My testing on duolingo suggest clitic pronouns like "le" are non-optional. "le" = "a usted" here and "a usted" is the optional part since it tells us for sure it is "you" and not "ella"/"she" or "él"/"he". Think of "a usted" as for clarification only or as redundancy to "le" but the "le" is not optional.
Are you saying that it accepted What has happening to you? Because that isn't good English. I now notice What is happening with you? And now realize that it must be an idiom. Que le pasa a usted? What I've learned from this is the indirect object pronoun must be present but other words can be implied "con" for example.
I've never thought of it as being implied, the way English implies with an eliptical sentence (EX: He is better than I. [implied "am"]). I've always thought of it as the verb actually changing meaning. I like the idea of it being implied rather than a literal change in meaning. By the way, after I started reading these posts, I thought that "What's up with you?" might be a translation that kept both the flavor and the acceptable literal translation in a good balance.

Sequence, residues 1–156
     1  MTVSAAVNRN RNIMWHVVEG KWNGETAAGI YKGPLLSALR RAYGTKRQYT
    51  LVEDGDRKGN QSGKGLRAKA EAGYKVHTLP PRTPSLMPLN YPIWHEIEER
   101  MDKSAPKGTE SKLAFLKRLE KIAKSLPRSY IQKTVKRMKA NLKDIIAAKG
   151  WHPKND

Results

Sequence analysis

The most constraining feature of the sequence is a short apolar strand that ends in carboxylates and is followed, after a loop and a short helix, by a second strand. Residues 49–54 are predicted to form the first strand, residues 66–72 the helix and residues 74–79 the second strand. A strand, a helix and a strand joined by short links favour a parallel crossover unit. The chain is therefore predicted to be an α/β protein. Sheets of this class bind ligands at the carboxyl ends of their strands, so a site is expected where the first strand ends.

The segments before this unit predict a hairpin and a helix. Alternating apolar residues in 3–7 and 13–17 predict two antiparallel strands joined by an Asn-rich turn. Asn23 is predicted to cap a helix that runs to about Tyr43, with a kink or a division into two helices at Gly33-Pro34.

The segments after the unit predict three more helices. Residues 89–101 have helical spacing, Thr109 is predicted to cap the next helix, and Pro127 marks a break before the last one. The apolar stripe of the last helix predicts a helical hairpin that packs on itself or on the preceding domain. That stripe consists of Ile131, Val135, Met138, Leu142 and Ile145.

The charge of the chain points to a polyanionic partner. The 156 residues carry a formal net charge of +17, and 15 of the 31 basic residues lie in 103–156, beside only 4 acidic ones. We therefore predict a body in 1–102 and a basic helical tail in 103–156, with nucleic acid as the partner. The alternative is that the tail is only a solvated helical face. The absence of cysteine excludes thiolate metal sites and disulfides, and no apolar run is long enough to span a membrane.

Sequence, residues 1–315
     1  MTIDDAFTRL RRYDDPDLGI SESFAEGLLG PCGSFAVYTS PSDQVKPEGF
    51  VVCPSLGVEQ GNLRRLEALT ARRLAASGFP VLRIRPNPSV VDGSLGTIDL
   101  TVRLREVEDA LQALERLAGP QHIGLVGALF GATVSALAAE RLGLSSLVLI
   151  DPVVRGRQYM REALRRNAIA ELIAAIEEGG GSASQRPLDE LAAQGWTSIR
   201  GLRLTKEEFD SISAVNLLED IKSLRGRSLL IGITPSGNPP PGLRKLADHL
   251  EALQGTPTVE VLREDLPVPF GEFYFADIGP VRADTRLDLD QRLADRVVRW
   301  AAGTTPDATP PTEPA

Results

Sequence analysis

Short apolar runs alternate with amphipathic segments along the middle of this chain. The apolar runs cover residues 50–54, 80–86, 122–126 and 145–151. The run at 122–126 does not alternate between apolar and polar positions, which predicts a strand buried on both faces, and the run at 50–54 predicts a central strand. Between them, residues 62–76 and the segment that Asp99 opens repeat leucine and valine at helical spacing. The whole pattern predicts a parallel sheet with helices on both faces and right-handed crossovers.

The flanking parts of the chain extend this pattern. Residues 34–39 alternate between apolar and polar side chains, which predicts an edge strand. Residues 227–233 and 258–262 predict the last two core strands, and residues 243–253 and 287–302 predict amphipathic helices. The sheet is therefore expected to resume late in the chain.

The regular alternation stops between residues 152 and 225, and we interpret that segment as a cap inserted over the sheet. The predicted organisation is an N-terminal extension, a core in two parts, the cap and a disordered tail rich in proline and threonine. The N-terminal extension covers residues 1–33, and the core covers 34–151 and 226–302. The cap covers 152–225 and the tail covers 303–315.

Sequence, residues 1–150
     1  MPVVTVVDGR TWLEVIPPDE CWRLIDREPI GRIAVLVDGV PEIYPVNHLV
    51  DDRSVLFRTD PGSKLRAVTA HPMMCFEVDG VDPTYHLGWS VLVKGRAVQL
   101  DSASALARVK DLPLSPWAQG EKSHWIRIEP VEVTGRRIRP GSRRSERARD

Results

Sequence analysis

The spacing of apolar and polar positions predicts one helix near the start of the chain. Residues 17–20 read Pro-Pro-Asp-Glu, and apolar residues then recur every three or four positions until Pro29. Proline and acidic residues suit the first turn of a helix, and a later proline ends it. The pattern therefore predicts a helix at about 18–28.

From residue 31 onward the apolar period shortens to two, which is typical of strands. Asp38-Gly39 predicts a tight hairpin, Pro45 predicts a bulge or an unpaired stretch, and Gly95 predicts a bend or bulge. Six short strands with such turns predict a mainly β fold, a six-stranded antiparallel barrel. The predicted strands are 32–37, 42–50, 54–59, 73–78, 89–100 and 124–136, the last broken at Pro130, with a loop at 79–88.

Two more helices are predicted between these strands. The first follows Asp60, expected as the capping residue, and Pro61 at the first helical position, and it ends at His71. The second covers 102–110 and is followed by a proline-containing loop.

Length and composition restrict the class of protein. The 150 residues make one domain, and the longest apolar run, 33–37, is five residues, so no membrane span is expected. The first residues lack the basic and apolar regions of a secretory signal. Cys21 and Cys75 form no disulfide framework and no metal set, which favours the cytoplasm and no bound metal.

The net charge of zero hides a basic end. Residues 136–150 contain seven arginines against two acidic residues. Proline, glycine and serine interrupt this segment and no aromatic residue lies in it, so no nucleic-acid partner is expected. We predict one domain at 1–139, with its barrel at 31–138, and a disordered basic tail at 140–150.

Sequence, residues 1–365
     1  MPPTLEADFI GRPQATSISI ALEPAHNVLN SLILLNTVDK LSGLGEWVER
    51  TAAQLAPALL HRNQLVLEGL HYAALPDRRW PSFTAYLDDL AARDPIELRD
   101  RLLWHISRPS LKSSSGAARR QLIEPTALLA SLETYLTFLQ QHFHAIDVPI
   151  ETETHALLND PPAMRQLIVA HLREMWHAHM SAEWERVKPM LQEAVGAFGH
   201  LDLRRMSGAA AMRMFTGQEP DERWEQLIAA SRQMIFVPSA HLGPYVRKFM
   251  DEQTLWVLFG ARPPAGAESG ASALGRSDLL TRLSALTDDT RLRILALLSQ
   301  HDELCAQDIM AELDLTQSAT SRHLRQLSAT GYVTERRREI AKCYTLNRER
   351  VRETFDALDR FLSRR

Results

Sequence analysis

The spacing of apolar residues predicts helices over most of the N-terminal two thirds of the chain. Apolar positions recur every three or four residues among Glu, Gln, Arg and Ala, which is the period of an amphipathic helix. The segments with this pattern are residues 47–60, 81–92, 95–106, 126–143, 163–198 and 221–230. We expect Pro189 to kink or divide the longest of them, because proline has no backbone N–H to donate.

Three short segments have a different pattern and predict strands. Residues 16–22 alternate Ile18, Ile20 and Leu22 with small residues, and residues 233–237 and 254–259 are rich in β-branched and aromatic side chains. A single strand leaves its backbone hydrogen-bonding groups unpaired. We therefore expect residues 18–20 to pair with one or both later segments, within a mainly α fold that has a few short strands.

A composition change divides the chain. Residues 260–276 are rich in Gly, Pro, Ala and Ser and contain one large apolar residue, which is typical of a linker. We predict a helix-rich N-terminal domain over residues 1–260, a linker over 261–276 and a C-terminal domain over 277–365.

Ok now i am really cornfused. Qué le pasa a él was said to mean what is wrong with him. Now qué le pasa a usted is meaning what is happening with you. Is it just a regional thing between the two different meanings? I get Qué pasa- whats happening, Qué le pasa- whats happening with him/her/it and Qué le pasa a usted. But how can it also be what is wrong?
Qué le pasa a él? can have two meanings - What's happening with him? or What's wrong with him?. The context or situation should dictate to you which one is correct. That's why Duolingo should not mark the translation incorrect if you use the latter meaning as I did with What's the matter with you?.
The drop-down hints are frequently wrong/misleading. The right answer is usually there too, but it's up to you to pick the right one. They're not providing the drop-down hints like "Any of these answers will work" but it's more like a multiple choice test.
I don't use the drop-down hints at all anymore, I either keep a paper dictionary near me if I'm using the phone app, or if I'm online, just use WordReference or SpanishDict instead